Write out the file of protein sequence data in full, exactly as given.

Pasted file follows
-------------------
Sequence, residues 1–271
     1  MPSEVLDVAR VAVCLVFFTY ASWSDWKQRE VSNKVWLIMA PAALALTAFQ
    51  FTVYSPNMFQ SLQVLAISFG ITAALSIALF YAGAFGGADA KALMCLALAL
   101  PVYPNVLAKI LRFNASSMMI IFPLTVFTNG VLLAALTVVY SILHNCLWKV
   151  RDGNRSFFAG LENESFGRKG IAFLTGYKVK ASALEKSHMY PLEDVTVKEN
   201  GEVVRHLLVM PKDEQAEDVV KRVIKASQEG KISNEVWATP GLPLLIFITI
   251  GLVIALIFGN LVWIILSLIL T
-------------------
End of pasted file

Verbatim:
Sequence, residues 1–271
     1  MPSEVLDVAR VAVCLVFFTY ASWSDWKQRE VSNKVWLIMA PAALALTAFQ
    51  FTVYSPNMFQ SLQVLAISFG ITAALSIALF YAGAFGGADA KALMCLALAL
   101  PVYPNVLAKI LRFNASSMMI IFPLTVFTNG VLLAALTVVY SILHNCLWKV
   151  RDGNRSFFAG LENESFGRKG IAFLTGYKVK ASALEKSHMY PLEDVTVKEN
   201  GEVVRHLLVM PKDEQAEDVV KRVIKASQEG KISNEVWATP GLPLLIFITI
   251  GLVIALIFGN LVWIILSLIL T